For years we’ve heard we should be reducing the amount of fat in our diets.
Your senior loved one’s healthcare team may have told them to change their eating habits for their health.
Maybe yours has too!
More recently, we are told how important it is to reduce the amount of saturated fat we eat.
Did you know that this may not be enough?
Not only reducing the overall fat in our diet but also which foods we replace the fat with may be just as important.
Diet and other lifestyle factors can help us and our seniors reduce our heart disease risk.
Heart Disease – The Leading Cause of Death
Most of us know or have family members that have heart disease. Your senior loved one may be diagnosed with and trying to manage heart disease.
Many of us know someone who has had a heart attack that changed — or ended — their life.
Heart disease facts are astounding, especially when we think that much of it is largely preventable with lifestyle changes.
According to the Centers for Disease Control and Prevention (CDC):
- About 610,000 people die of heart disease in the United States every year – 1 in every 4 deaths.
- Heart disease is the leading cause of death in both men and women.
- Every year about 735,000 Americans have a heart attack.
- While 92% of people surveyed knew that chest pain is a warning sign for a heart attack, only 27% knew all the other warning signs or to call 911.
Here is the list of warning signs of a heart attack:
- Chest pain or discomfort
- Upper body pain or discomfort in the arms, back, neck, jaw, or upper stomach
- Shortness of breath
- Nausea, lightheadedness, or cold sweats
Achieving Heart Health
New research shows that there are 10 ways we all can reduce our risk of heart disease and all 10 ways are achievable!
This is true for those at all ages. Even senior adults can make positive changes in their heart health and blood lipid values when they make small changes to their diet and lifestyle.
Family caregivers can help their seniors make these changes:
- Increase intake of fats coming from polyunsaturated and monounsaturated fat sources. Don’t just reduce the saturated fat but substitute it with poly/monounsaturated forms. We want to control the overall amount of fat, but the type of fat is key too. This will decrease LDL 10% for every 5% change in fat intake.
- Include fat sources that are high in Omega 3 and Omega 6 fatty acids to achieve a balance for optimum anti-inflammatory benefits. The goal is 1-2 grams/day from fatty fish, fish oil, canola oil, flaxseed, and nuts.
- Increase intake of nuts; any nut will do. Eat 2 oz/day, 5 days a week for best results. We can eat them as snacks or add them to other items in meals.
- Include foods rich in plant stanols and sterols. These compounds will lower LDL by allowing it to combine with bile to be excreted in the intestines. 2-3 Tablespoons each day are needed. Some foods have additional stanols/sterols added to them, look for hearth healthy labels. Natural sources include vegetable oil, nuts, legumes and fruits.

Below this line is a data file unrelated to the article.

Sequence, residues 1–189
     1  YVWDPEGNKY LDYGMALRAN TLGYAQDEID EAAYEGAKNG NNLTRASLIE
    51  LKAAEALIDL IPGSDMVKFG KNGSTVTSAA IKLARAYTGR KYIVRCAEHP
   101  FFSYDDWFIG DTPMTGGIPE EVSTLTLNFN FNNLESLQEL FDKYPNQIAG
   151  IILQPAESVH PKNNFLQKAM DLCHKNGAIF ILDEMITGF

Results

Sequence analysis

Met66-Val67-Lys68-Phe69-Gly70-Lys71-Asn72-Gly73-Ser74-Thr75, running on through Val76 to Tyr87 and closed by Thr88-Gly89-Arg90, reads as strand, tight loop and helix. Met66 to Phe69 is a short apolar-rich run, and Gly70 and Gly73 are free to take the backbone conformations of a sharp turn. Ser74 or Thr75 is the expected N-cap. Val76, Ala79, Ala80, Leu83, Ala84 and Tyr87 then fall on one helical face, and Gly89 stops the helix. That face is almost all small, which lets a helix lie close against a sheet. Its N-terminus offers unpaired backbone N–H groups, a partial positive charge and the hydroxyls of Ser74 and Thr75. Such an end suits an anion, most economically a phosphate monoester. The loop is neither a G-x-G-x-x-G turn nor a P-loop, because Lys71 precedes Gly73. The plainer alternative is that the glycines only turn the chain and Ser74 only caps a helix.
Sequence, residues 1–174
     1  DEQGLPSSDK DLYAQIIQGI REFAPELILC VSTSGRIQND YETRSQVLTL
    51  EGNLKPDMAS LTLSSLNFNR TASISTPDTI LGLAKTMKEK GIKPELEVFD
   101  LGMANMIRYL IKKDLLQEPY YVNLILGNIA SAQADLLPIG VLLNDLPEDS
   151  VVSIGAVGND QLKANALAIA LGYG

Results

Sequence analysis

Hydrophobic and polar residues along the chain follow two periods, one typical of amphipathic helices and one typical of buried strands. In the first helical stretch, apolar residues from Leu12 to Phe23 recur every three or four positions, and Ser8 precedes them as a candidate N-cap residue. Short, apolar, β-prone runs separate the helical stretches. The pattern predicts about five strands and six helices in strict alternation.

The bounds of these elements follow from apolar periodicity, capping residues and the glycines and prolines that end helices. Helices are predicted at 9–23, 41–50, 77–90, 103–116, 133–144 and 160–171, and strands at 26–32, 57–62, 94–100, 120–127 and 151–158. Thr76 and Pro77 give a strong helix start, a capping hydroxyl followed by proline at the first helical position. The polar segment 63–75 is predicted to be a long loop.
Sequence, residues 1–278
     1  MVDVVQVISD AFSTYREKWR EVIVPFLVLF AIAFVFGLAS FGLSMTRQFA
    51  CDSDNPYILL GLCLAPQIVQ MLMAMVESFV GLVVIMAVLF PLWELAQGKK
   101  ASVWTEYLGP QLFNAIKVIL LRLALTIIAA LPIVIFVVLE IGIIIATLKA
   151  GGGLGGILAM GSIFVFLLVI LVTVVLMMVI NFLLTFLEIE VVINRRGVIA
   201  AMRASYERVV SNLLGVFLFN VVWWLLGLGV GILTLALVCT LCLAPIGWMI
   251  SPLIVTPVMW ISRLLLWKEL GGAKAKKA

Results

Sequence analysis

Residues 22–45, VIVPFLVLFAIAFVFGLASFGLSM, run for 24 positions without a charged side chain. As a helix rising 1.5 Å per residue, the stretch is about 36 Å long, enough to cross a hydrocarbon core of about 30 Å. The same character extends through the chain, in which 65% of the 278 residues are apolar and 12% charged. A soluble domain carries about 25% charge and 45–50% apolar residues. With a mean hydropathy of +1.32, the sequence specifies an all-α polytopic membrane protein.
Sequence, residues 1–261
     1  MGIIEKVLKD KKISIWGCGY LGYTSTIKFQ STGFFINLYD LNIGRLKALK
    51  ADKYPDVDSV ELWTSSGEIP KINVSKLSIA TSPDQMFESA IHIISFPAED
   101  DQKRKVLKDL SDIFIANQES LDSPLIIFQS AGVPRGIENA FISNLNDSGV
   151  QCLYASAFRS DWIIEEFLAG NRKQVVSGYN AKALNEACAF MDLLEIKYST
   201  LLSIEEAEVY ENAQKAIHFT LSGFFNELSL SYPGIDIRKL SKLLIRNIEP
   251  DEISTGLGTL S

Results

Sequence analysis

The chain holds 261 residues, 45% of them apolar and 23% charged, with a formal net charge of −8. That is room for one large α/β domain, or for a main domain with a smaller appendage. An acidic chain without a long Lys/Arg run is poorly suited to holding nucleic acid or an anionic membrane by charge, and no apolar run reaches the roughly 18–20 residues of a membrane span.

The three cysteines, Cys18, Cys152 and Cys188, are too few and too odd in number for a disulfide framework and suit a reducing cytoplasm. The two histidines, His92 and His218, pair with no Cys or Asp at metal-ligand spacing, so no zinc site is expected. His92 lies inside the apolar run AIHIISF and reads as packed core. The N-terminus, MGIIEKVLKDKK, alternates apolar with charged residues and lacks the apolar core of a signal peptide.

- Eat more soy containing foods including soy milk, soybeans, tofu, soy nuts and soybeans. Intake of soy has been shown to sharply reduce LDL in the blood.
- Eat more fiber. We have heard this a lot, but have not been adding it to our menus. Intake is recommended at 38 grams/day for men and 25 grams/day for women. Be sure to include soluble sources of fiber such as oats, psyllium, and whole grains.
- Drink more deep purple wine and grape juice. The poylphenols in this deep purple fruit act to improve heart health. 1-2 cups of deep purple juice (100% juice) or 4 oz dark purple wine such as Cabernet Sauvignon or Petite Sirah each day.
- Drink more tea, black or green, to improve circulation. Green tea can also lower triglycerides. Drink 1-3 cups/day.
- Add garlic to foods. Crush or grind fresh garlic to get the best benefit. Add 1-3 cloves/day.
- Indulge in chocolate. Not just any chocolate, however. Cocoa that has not been processed with alkali such as Dutch processed. Add 2 Tablespoons/day.
Lifestyle Habits Benefit Heart Disease
While these are changes we can make in our diets, we also need to be aware of other lifestyle changes that will make a positive impact on our heart health.
Achieving heart health is a jigsaw puzzle, with diet merely one piece of the puzzle.
The other pieces that will reduce the risk of heart disease and possible heart attack include:
- Becoming physically active. We all know that getting moving is important for our overall health but many of us continue to need reminders to get active. You don’t have to go the gym and workout like a pro. You will get the benefits if you take a brisk walk, play golf, ride a bike, swim some laps or play with the kids and grandkids. Get up and get moving at an activity that you enjoy and will keep doing is most important.
- Maintain a healthy weight. Eating right and getting physical can help you achieve this goal. Controlling the portions of the food you eat now will also help you manage your weight. Be aware of your BMI (body mass index) so that you know if your efforts are paying off.
- Quit smoking!
- Don’t overuse the salt shaker and select fresh, minimally processed foods that will help lower your salt intake. While there remains much controversy about how much is too much, cutting back on the excess sodium in our foods is something experts agree on.
When making lifestyle changes, especially in something as important as our diet, we all want to be sure the changes we make are making result in measurable improvements in our bodies.
Real, true decreases in our blood lipid values are vital to prevent heart disease. It is important to know the numbers and work with our healthcare professionals, including a dietitian, to keep your risk in check.
Good luck making these changes to improve your heart health!